So, yeah, you had recognizable faces happily getting eaten by sharks.

But here in the 4th movie, the who's who has become a series of D-Listers with some highlights.  And, at that, those D-Listers were very much flash-in-the-pan "celebrities" like Real Housewives and whatnot.  Which is fine.  They're shark fodder for the most part.  But it does mean these movies have the shelf life of an actual shark.  

But we also briefly get Wayne Newton and for longer stretches, Cheryl Tiegs (the movie is an excuse to bring out old movie and TV crushes of the producers, I am betting, as Knots Landing star Donna Mills makes an appearance).  And, with no joke being too obvious, you can see  Caroline Williams of Texas Chainsaw Massacre 2 fame showing up as the owner/ proprietor of a chainsaw store.

Does it have a plot?  It does.  

It's been five years since the events of the prior Sharknado movie.  An Elon Musk-type, played by Tommy Davidson, has installed towers that will prevent the formation of Sharknadoes all over Earth.  Fin Shepard (Ian Ziering) has to leave his son, Gil (yes, this is that kind of movie), alone with his mom in Kansas as he heads to Vegas with either one of his kids or his niece or something, I think to meet up with his son, Matt, from the first movie.  Fin is mourning the passing of his wife, April, who died/ was written out of the third movie.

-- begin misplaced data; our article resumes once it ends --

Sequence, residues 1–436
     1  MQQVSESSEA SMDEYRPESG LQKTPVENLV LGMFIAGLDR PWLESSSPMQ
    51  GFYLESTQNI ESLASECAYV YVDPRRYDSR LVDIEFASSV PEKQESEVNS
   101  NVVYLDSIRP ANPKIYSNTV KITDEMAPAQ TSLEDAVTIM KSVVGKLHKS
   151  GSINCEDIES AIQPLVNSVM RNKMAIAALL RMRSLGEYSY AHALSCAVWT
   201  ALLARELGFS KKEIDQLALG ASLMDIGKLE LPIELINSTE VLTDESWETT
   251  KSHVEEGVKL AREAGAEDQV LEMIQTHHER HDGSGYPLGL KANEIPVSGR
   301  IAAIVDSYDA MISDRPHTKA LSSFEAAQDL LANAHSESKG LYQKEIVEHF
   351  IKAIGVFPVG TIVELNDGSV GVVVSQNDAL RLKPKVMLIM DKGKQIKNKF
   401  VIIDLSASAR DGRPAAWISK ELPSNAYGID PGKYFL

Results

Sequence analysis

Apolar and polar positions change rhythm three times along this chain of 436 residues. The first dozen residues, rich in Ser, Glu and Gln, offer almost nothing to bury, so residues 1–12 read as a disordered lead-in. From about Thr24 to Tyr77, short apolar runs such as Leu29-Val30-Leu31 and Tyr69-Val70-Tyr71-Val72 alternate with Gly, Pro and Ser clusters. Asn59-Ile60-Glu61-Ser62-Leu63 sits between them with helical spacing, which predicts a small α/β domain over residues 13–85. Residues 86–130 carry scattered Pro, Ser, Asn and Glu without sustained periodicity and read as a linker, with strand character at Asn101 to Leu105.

Anyway, a dirt devil kicks up, and, lo and behold, it's full of sharks.  If you want to see Vegas get wrecked by a Sharknado, just tune in for the first fifteen minutes.

From there it's a cross-country adventure as the Shepards hit many, many points in the US that look like that one ranch you will no doubt recognize from decades of TV watching.  

Like Fast and the Furious, Sharknado is really about *family*.  I guess Tara Reid got sober or something because she's in more of this movie, returned as a superhero-like cyborg.  Because, like everything else, why not?  She's been fixed up by her mad-scientist father, Gary Busey, because of course he is.  Oh, and the Hoff plays Zierings' dad, because, actually that's good casting.

Anyway, along the way, we have all kinds of Sharknadoes, including a nuclear Sharknado, and you're either going to enjoy this or you aren't.  

Before watching this, I was of the opinion "eh, what can it matter if you watch these our of order?" and I am now, to my own dismay, not of the opinion:  it actually matters and you should watch these in order.

I also think there's so much going on in these movies - that what these movies are about has nothing to do with what's on screen.  Starring two people who are kind of Hollywood has-beens (sorry, Ian), and using the "this cast is too large" nature of disaster movies to litter the movie with cameos, merging of high concepts, and a genuine "literally, who gives a shit?" perspective - PLUS they knew to just stop after six movies.  I mean, that's not nothing.  

*I didn't know I needed this battle royale in my life, but I'm glad it exists